It was during this period that God was enshrined on our currency and in the pledge. The Knights of Columbus, a Catholic fraternal organization, had added "one nation, under God" to the pledge on their own, and instigated a grassroots effort to make the change official. Congress obliged in 1954. Then in 1956, Congress found another way to insinuate religion into our lives by dumping the nation's unofficial motto - E pluribus unum, or "Out of Many, One" - making "In God We Trust" our official motto, and mandating that the new phrase be placed on all U.S. currency (1957 marked the first time the phrase began appearing on our paper money for the first time).
So there you have it. Our nation is 237 years old, but only for the last 60 of those years has God been officially enshrined in our national life. And to avoid conflict with the Establishment Clause, our nation's god is of necessity a pretty weak and generic one.
In fact, those Christians who continue to offer up having "one nation, under God" in our pledge and "In God We Trust" on our currency as proof that we are a "Christian nation" don't have a leg to stand on. In a 2004 Pledge of Allegiance case, Elk Grove Unified School District vs. Newdow, a majority on the Supreme Court ruled that the inclusion of "one nation, under God" was permissible under the Establishment Clause because it has become an act of "ceremonial deism." Writing her own opinion but concurring with the majority, Justice Sandra Day O'Connor wrote:
"Whatever the sectarian ends its authors may have had in mind, our continued repetition of the reference to 'one Nation under God' in an exclusively patriotic context has shaped the cultural significance of that phrase to conform to that context. Any religious freight the words may have been meant to carry originally has long since been lost."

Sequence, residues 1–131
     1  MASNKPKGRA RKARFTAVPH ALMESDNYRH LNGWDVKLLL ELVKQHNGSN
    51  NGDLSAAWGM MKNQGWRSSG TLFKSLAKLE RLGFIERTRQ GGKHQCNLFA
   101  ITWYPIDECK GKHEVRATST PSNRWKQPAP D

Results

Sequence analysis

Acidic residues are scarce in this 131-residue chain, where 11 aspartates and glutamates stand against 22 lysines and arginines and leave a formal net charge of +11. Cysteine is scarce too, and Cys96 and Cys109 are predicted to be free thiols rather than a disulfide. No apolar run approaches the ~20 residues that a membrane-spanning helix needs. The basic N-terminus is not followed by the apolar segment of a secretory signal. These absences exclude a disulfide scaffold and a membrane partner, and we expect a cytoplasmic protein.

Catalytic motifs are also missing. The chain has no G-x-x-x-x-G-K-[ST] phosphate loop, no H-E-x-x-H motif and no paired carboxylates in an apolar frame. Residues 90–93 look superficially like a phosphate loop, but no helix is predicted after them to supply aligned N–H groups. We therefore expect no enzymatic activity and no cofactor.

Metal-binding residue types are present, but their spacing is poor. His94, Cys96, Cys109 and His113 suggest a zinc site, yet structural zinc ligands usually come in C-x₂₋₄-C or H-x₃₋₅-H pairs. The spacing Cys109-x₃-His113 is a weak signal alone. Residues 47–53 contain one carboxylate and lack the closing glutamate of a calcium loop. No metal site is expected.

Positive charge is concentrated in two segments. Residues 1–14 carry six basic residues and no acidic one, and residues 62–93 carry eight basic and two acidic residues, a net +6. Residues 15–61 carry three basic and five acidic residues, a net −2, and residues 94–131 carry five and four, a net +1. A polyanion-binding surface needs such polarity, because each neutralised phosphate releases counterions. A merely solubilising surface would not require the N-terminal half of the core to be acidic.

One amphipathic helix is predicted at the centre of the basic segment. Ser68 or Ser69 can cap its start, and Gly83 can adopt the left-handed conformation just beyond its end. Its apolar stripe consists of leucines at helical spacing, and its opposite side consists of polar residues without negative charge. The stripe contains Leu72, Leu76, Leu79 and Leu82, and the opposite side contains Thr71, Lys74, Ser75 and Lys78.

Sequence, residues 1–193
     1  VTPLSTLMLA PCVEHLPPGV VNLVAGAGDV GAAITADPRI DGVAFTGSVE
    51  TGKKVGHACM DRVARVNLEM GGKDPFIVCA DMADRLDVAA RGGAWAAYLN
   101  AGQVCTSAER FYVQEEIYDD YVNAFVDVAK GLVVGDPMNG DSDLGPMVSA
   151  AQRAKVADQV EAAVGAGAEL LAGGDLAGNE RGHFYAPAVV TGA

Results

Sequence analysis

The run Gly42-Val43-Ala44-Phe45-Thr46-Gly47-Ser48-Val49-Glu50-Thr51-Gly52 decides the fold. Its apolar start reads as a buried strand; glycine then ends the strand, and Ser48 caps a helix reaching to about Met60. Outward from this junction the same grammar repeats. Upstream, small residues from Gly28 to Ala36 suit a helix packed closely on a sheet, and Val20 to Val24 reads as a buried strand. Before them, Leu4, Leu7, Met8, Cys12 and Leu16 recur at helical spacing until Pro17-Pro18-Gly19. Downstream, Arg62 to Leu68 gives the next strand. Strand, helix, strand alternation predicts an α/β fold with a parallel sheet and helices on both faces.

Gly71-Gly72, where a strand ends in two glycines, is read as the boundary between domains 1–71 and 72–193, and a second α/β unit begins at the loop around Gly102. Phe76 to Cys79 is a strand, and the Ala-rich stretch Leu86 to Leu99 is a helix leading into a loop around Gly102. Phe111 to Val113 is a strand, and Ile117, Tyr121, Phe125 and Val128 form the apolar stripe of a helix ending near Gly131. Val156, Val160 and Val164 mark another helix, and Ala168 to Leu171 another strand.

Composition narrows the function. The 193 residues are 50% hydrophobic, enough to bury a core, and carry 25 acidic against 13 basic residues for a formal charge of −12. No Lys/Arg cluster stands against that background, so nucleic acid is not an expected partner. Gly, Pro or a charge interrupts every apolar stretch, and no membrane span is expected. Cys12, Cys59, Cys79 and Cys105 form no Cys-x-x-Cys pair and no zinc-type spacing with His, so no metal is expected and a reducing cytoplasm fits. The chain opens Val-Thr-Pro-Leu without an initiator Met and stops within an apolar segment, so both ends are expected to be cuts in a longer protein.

And that about wraps it up for God - or at least for the fundamentalist Christian version of Him.

Friday, November 8, 2013

"Fear Eats the Soul..."


CPR

For some reason, I was reminded recently about my first hospital visit to see a person who was dying of AIDS. It was in the very early 1980s, and we, of course, had no idea how it was contracted or transmitted. He was at the public hospital in Jacksonville, Florida. There was a small vestibule just outside his room with a supply of disposable gowns and masks and gloves. On the floor was also what apparently was supposed to be his lunch. An orderly had refused to go in, so they just put it on the floor.

At first I was furious and started to go find someone to give them a piece of my mind. How dare they starve a young man who was already dying? I decided, though, to first take the tray in so the food didn’t get any colder. I could not imagine that the tile floor was improving the quality of hospital cuisine.

As I began putting on the paper gown, I realized that the poor soul who left the food was just afraid of something that they didn’t understand. In those days, my ministry was pastoring a mostly lesbian, gay, bisexual, and transgender church. As I thought about that, I realized that if casual contact could communicate this disease I likely was already infected, so I took off the paper gown and picked up the tray and went in to see my friend.